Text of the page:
The straightforward argument is that if the cost of purchasing sugary drinks becomes more expensive then consumers will look for alternative options that are more healthy. Again, history suggests that this argument is a fallacy. Denmark imposed a ‘fat tax’ on its population in October 2011, with similar aims of inducing healthier dietary choices by consumers. The tax was abandoned some 15 months later, having cost at least 10% of the revenue in administrative costs and generated extremely negative public opinion. Rather like the rising cost of fuel in the UK, the additional taxes tend to cause anger rather than action, we still kept driving our cars and the Danes continued to eat high-calorie food to the extent that the fat tax actually raised more revenue than expected since an estimated 80% of people didn’t change their consumption habits at all but either took the hit on their wallet or sourced these foods from neighbouring countries which did not have the tax.
In my view the most likely outcome of the sugar tax is that companies manufacturing sugary soft drinks will spend the next two years before the tax is imposed reformulating their products so that they contain less sugar. The Scientific Advisory Committee on Nutrition (SACN) recommends that no more than 5% of daily calories should come from added sugar – equivalent to about seven teaspoons - which is a fraction of the present average person’s consumption of added sugar. The sugar reduction target recommended by Action on Sugar is a whopping 40% by 2020. This is only achievable through reformulation and there is evidence from the salt campaign that this a strategy that works, since people in the UK have reduced their salt intake by over 15% over the last ten years, largely by reformulation of products. Drinks companies have seen the writing on the wall for some time and are already marketing reduced sugar alternatives using natural flavourings such as Stevia to maintain sweet taste. This approach may well improve the health of the nation, but it is going to play havoc with George Osborne’s figures, since the reformulated products will generate far less in tax revenue and he will not therefore be able to make his intended funding contribution towards encouraging sport in primary schools.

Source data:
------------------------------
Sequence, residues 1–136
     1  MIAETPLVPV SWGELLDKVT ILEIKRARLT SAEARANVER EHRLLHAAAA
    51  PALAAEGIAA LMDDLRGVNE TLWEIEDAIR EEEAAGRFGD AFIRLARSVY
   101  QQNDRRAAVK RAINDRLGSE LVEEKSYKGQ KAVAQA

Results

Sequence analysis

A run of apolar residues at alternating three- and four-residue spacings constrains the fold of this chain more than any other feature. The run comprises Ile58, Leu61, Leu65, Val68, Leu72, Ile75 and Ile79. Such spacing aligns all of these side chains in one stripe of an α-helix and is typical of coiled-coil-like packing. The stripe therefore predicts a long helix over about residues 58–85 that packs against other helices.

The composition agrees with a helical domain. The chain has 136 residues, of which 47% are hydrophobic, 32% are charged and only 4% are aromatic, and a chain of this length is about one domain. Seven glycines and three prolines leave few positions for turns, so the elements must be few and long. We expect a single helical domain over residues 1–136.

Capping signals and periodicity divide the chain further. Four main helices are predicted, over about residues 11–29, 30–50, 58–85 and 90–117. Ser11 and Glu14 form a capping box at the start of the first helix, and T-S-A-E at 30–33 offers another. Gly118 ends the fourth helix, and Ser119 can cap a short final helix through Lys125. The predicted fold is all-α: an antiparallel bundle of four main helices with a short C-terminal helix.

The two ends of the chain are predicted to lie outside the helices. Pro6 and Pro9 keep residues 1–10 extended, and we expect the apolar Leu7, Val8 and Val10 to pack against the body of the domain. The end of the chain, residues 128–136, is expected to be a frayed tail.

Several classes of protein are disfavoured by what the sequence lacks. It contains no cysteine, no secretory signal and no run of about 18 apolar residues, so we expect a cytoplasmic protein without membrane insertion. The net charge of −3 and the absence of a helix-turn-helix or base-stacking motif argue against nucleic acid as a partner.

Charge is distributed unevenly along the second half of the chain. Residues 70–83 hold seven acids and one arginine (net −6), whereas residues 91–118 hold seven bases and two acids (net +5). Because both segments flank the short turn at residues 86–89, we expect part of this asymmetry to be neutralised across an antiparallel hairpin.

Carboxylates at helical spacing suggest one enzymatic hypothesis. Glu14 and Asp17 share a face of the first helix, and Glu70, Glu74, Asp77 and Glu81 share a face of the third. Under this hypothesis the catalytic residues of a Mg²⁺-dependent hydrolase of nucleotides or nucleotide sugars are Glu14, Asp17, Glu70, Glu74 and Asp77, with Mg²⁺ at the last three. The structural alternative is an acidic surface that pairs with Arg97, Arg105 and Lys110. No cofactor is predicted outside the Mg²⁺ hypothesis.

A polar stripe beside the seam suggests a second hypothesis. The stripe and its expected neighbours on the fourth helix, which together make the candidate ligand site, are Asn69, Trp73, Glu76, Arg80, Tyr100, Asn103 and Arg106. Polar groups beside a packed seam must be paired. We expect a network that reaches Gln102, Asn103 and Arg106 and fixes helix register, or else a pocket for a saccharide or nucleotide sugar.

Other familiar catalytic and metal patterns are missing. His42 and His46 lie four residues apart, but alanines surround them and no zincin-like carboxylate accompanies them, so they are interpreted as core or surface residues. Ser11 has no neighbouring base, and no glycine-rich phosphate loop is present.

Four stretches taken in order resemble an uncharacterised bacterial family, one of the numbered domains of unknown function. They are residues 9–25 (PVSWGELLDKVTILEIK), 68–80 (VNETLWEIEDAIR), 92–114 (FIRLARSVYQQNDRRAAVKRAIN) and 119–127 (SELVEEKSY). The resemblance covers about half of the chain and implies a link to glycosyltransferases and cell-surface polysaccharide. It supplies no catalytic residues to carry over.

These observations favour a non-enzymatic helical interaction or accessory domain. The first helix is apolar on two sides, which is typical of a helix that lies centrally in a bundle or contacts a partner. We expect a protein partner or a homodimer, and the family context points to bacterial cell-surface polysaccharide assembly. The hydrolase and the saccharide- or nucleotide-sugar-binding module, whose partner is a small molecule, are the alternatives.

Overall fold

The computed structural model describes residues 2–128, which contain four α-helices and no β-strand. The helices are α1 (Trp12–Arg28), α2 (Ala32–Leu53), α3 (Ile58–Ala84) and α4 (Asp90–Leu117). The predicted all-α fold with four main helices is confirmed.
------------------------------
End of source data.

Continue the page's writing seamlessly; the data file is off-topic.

So what is the answer? For those of us round the table this evening it was to conclude that eating a bit of everything in the form of a balanced diet was the safest bet, that we had made an ample contribution to the treasury coffers through the alcohol duties, and that we will get our exercise tomorrow when we are riding our horses.
17th March 2016.
AgriFood Training Partnership
The University of Reading
PO Box 226, Whiteknights
Reading RG6 6AP
T. +44 (0)330 333 4530